Happy 65th Birthday, Ford F-Series Pickup Trucks

August 1, 2013 | By Staff

Here’s the 1948 “News” Report.

THIS MARKS THE 65th anniversary of the introduction of the 1948 line of Ford Trucks, heralded by the automaker as “The First New Post-War Products of the Ford Motor Company.” Included in that product line was the F-1 pickup, the first in the popular F-series of trucks that has continued to this day and repeatedly has been among the best-selling vehicles in the nation.

To commemorate this occasion, we thought we would let Ford Motor speak to the attributes of these trucks through the press packet that was released to the media when the trucks first entered dealer showrooms some six-and-a-half decades ago. The release date on the press material is January 16, 1948, so we don’t have to be concerned about jumping the company’s embargo on the following information:

A new line of Ford trucks is being shown to the public for the first time today by Ford Motor Company dealers throughout the nation. The streamlined 1948 models, completely new from the wheels up, represent the first post-war product of Ford.

J.D. Ball, director of the truck and fleet sales department, said the new trucks are notable for an unprecedented range of models and capacities as well as many engineering changes.

Driver comfort and efficiency were among the primary considerations of engineers and designers who created the 1948 trucks.

Cabs for the new trucks have been redesigned to assure living room comfort. They provide seven inches’ greater width as well as increased headroom. The door opening has been moved forward three inches, providing greater clearance for entering and leaving the cab.

The doors extend well below the floor and are weather-sealed for protection against moisture, dust and drafts. Interior and exterior hardware is more rugged.

A one-piece windshield which is two inches higher gives drivers clearer vision forward. The rear window has been enlarged to increase visibility.

Seats and cushions give passenger car comfort to driver and helper. The adjustable coach-type seat has individually wrapped coil springs and a rubberized hair pad. The cabs also have a large ashtray, dispatch box and sun visor. Provision for radio installation includes a grille opening in the instrument panel.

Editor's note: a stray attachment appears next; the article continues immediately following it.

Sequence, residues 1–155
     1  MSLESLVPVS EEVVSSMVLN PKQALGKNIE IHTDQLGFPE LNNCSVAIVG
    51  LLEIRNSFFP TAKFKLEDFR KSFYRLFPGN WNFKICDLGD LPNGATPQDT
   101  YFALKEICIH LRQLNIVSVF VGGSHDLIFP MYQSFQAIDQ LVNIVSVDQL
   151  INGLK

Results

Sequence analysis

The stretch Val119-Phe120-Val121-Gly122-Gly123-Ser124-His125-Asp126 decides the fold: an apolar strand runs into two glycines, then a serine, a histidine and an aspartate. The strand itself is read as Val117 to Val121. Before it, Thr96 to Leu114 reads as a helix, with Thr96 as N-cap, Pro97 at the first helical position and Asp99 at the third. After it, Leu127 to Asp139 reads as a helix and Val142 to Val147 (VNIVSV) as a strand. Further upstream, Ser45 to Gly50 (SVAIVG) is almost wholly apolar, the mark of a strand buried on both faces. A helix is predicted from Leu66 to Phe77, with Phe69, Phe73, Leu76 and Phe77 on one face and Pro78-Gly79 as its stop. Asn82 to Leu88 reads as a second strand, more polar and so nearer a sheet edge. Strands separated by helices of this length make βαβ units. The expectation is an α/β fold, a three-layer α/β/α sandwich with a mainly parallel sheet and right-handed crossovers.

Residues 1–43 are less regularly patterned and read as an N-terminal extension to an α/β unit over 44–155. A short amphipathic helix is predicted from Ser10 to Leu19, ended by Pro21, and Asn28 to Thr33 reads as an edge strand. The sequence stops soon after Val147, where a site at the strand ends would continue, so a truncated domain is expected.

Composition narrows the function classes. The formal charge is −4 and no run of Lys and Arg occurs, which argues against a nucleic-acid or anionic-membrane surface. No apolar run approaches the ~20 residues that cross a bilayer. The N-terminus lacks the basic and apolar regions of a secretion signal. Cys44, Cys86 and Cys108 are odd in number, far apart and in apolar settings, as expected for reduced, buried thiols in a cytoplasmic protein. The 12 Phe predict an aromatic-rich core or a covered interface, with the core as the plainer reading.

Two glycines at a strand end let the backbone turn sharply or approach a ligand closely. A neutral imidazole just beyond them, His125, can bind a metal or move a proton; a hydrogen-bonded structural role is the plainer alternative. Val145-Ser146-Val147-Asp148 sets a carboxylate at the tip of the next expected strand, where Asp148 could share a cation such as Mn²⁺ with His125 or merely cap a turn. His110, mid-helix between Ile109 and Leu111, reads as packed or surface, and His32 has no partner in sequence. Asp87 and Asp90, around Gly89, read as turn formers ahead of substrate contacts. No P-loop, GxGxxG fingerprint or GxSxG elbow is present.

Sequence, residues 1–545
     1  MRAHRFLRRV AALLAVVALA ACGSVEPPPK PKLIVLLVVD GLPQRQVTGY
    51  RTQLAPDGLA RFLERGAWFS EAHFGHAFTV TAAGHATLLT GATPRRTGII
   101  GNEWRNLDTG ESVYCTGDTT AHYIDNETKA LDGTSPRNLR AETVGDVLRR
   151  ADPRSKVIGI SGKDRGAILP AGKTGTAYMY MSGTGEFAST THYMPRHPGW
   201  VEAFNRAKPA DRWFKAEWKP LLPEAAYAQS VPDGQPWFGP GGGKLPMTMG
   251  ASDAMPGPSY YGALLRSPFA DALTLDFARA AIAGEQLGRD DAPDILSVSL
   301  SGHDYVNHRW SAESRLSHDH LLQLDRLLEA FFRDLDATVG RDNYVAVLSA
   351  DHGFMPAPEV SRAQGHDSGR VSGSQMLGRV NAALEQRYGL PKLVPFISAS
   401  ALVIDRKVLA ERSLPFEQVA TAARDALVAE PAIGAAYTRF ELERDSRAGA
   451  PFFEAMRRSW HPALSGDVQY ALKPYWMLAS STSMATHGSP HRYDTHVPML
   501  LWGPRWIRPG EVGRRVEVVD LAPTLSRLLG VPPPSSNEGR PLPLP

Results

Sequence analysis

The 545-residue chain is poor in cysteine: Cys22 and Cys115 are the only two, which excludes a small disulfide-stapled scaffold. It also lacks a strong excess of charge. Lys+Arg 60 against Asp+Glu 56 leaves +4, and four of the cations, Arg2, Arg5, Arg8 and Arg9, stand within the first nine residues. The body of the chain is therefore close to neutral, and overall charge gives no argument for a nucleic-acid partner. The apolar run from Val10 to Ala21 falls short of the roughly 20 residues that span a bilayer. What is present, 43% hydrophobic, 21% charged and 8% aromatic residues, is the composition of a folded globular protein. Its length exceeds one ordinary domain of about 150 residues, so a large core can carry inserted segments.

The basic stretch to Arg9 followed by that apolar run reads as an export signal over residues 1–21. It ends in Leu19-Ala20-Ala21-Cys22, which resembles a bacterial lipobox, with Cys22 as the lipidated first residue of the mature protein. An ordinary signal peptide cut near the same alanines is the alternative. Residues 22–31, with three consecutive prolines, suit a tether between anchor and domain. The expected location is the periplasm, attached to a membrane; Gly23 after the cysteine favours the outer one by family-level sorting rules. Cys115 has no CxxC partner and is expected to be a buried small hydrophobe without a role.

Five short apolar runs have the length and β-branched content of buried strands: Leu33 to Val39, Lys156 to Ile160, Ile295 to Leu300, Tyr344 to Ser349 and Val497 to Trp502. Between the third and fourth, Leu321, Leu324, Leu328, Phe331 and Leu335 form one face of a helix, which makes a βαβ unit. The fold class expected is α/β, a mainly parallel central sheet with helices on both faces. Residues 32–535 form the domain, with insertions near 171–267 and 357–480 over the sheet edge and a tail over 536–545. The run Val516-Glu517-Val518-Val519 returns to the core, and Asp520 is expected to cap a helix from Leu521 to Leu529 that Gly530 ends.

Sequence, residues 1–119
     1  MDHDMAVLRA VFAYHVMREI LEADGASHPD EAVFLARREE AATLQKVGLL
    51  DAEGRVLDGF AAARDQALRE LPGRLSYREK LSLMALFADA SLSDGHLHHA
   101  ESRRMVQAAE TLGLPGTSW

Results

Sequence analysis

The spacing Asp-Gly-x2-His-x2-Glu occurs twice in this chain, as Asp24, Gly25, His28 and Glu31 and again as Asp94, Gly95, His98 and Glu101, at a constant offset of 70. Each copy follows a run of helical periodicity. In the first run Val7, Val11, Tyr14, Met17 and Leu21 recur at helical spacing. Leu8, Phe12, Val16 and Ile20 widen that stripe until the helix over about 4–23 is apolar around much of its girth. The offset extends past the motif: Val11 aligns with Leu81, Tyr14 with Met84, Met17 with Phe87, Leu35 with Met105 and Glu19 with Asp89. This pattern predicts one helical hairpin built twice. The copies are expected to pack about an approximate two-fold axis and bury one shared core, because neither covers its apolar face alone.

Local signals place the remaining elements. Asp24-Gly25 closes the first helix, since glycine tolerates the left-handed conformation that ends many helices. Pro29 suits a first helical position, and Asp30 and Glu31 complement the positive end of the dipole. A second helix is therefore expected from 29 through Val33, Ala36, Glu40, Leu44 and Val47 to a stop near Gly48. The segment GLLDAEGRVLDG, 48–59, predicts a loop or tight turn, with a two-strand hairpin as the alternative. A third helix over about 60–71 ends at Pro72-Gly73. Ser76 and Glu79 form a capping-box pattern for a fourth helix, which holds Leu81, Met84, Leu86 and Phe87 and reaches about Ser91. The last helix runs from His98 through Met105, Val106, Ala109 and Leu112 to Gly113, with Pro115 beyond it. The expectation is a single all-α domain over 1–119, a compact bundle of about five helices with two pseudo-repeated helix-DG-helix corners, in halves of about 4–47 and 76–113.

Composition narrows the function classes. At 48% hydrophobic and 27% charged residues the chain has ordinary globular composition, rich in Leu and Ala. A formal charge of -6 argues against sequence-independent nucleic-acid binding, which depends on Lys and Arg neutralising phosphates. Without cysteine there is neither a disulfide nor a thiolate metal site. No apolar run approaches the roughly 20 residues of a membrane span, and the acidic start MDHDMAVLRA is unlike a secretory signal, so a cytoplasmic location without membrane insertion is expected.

The new cabs also provide for a new three-way air control system to assure high-volume fresh-air ventilation.

Engineers increased the steering ratios on the 1948 Ford trucks to provide easier handling. The light trucks are equipped with new direct-action shock absorbers. Two-ton and heavier models are equipped with vacuum power brakes.

The new trucks are attractively styled without losing ruggedness necessary for good performance and long life. The radiator grille and headlights are recessed in a functional pattern in the modern front end which contributes to a massive appearance and gives added protection.

Greater front end strength has been achieved through improved sheet metal suspension and heavier construction. Fenders are heavier, wider and of a new design which provides greater tire clearance. Another design advancement is a heavy channel-steel front bumper attached directly to extended frame side rails. The bumper is, in effect, an extra cross member, providing greater rigidity and impact strength.

Three new power plants have been announced for the 1948 trucks. These engines are the Rouge 226, a completely new six-cylinder, 95-horsepower engine; the Rouge 239, an improved V-8 100-horsepower engine, and the Rouge 337, a new heavy duty V-8 power plant developing more than 145 horsepower for the largest trucks ever built by Ford. (Those are the F-7 and F-8, two new series that have maximum gross vehicle weights of 19,000 and 21,500 pounds, respectively.)

All engines have heavy-duty oil bath air cleaners, pressure-sealed cooling systems, and new weather-proofed ignition systems with automatic spark control which is regulated by engine load and speed.

A feature of the new Ford six-cylinder engine is the aluminum alloy pistons which are longer and plated to resist wear. The compression ratio, 6.8 to 1, produces more power and a new high lift camshaft opens valves wider and faster, resulting in more efficient intake and exhaust.

The 100-horsepower V-8 engine now has accessories conveniently grouped on top for easy servicing as well as many other new features.

Features of the 145-horsepower V-8 include hydraulic valve lifters which automatically compensate for valve wear and ensure quiet operation.

Sili chrome exhaust valves are faced with one of the toughest metals known.

Straight through mufflers reduce back pressure, improving engine performance.